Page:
National Sludge Alliance

NSA Public Fact Sheet 106
                                                         The People vs. EPA and the Courts

Thomas Jefferson could have been talking about the EPA when he said: "It is an axiom in my mind that our liberty can
never be safe but in the hands of the people themselves. Every government degenerates when trusted to the rulers of
the people alone."
An example of Thomas Jefferson's axiom can be found in the way the Environmental Protection Agency (EPA) has
handled the growing toxic sewage sludge problem in the United States. While the EPA is one of the most powerful
Departments in the federal government, charged with protecting the health of the people and the environment, it now
looks for loopholes in the federal laws as justification for its regulations. Furthermore, when EPA can't find a loophole in
the law, it uses the Courts to create a loophole.
According to EPA, the beneficial sewage sludge use and disposal regulation under the Clean Water Act (CWA) (40
CFR 503) is based on a domestic sewage exclusion in the Resource Conservation and Recovery Act (RCRA). Yet,
EPA acknowledges that the domestic sewage exclusion is specifically limited to hazardous waste mixed with domestic
sewage in the sewer pipes that enter a wastewater treatment plant. (Public Facts # 104)
Moreover, under RCRA section 1004 definitions "(26A) "Sludge" means any "waste generated from a municipal,
commercial, or industrial wastewater treatment plant, water supply treatment plant or air pollution control facility "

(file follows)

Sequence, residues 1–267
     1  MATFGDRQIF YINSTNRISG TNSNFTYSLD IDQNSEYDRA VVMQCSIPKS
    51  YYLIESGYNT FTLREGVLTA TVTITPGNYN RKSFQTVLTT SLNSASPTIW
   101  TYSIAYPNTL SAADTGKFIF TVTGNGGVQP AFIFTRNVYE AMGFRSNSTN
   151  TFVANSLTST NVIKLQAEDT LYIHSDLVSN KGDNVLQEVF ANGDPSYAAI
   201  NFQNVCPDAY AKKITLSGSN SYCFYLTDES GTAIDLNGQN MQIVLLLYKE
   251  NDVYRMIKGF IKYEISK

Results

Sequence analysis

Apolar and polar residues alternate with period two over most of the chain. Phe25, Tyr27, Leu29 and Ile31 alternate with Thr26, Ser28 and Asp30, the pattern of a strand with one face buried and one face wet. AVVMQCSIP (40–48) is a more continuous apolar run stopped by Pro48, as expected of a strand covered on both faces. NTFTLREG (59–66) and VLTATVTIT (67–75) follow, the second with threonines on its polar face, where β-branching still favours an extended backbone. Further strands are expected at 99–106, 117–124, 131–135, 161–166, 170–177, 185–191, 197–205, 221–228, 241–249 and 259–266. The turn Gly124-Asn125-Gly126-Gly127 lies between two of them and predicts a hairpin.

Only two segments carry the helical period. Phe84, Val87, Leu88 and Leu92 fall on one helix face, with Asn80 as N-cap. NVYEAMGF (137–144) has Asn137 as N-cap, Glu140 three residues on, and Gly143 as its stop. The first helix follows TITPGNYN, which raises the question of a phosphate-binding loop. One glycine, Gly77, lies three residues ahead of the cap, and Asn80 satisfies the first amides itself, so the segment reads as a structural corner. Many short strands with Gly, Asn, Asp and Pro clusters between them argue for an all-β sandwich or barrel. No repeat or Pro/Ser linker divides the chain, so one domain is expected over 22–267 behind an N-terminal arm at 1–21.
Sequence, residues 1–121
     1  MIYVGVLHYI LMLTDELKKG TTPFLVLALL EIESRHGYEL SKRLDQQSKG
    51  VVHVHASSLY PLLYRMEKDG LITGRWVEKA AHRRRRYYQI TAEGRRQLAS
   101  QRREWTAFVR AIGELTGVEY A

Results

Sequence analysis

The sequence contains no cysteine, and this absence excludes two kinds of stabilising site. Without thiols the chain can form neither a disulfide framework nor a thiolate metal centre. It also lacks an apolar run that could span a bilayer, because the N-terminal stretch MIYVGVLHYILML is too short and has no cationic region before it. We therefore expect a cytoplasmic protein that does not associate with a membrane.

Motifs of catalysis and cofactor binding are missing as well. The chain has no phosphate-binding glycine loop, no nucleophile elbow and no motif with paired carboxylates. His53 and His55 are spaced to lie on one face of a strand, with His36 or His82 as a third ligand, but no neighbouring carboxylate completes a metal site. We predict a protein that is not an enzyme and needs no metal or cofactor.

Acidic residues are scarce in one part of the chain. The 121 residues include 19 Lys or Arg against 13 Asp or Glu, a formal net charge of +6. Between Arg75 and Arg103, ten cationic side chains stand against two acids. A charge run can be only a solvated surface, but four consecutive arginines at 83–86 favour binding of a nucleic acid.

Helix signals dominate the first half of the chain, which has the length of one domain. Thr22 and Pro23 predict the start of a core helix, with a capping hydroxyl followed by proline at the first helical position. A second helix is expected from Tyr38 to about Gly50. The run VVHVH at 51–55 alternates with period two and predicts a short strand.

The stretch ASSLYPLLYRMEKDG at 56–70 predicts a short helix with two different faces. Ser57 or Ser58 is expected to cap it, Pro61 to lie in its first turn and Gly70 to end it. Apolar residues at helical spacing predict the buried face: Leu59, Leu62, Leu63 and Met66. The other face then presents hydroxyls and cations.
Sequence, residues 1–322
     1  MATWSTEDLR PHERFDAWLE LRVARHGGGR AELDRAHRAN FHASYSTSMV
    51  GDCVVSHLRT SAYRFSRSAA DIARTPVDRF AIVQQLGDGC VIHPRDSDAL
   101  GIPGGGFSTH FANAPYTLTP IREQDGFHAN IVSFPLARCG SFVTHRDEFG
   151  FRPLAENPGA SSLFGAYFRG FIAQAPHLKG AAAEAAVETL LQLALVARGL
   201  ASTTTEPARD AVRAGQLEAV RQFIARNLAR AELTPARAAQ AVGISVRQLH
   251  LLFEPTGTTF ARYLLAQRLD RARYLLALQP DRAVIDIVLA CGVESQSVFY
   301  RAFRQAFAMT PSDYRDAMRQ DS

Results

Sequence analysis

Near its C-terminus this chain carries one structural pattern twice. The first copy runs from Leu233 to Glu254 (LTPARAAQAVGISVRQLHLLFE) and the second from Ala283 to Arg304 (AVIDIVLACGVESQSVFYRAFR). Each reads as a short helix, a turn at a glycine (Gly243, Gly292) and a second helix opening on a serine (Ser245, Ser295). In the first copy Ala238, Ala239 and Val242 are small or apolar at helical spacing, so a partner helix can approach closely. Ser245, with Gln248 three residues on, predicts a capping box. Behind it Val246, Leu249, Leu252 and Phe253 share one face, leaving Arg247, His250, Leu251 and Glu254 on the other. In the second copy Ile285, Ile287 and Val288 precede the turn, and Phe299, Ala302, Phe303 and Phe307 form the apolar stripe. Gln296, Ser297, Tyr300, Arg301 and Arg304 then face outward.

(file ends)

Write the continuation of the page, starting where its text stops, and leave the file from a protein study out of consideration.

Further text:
Furthermore, under the RCRA definitions, "Sludge (26A)" is a subsection of (26)" Sanitary landfill [which] means a
facility for the disposal of solid waste which meets the criteria published under section 4004." EPA found its domestic
sewage exclusion in definition (27), yet the first words in (27) are, "The term "solid waste" means in garbage, refuse,
sludge, from a waste treatment plant."
Not only that, but under the RCRA's definition "(14) The term "open dump" means any facility or site where solid waste
is disposed of which is not a sanitary landfill which meets the criteria promulgated under section 4004 and which is not
a facility for disposal of hazardous waste."
Furthermore, Under RCRA section 4004 (a), " a minimum, such criteria shall provide that a facility may be classified
as a sanitary landfill and not an open dump only if there is no reasonable probability of adverse effects on health or
the environment from disposal of solid waste at such facility."
Yet, EPA claims the beneficial sludge use and disposal regulation is based on a Congressional mandate in section
4004 to find; "(g) (5) alternate methods for the use of sludge, including agricultural applications of sludge and energy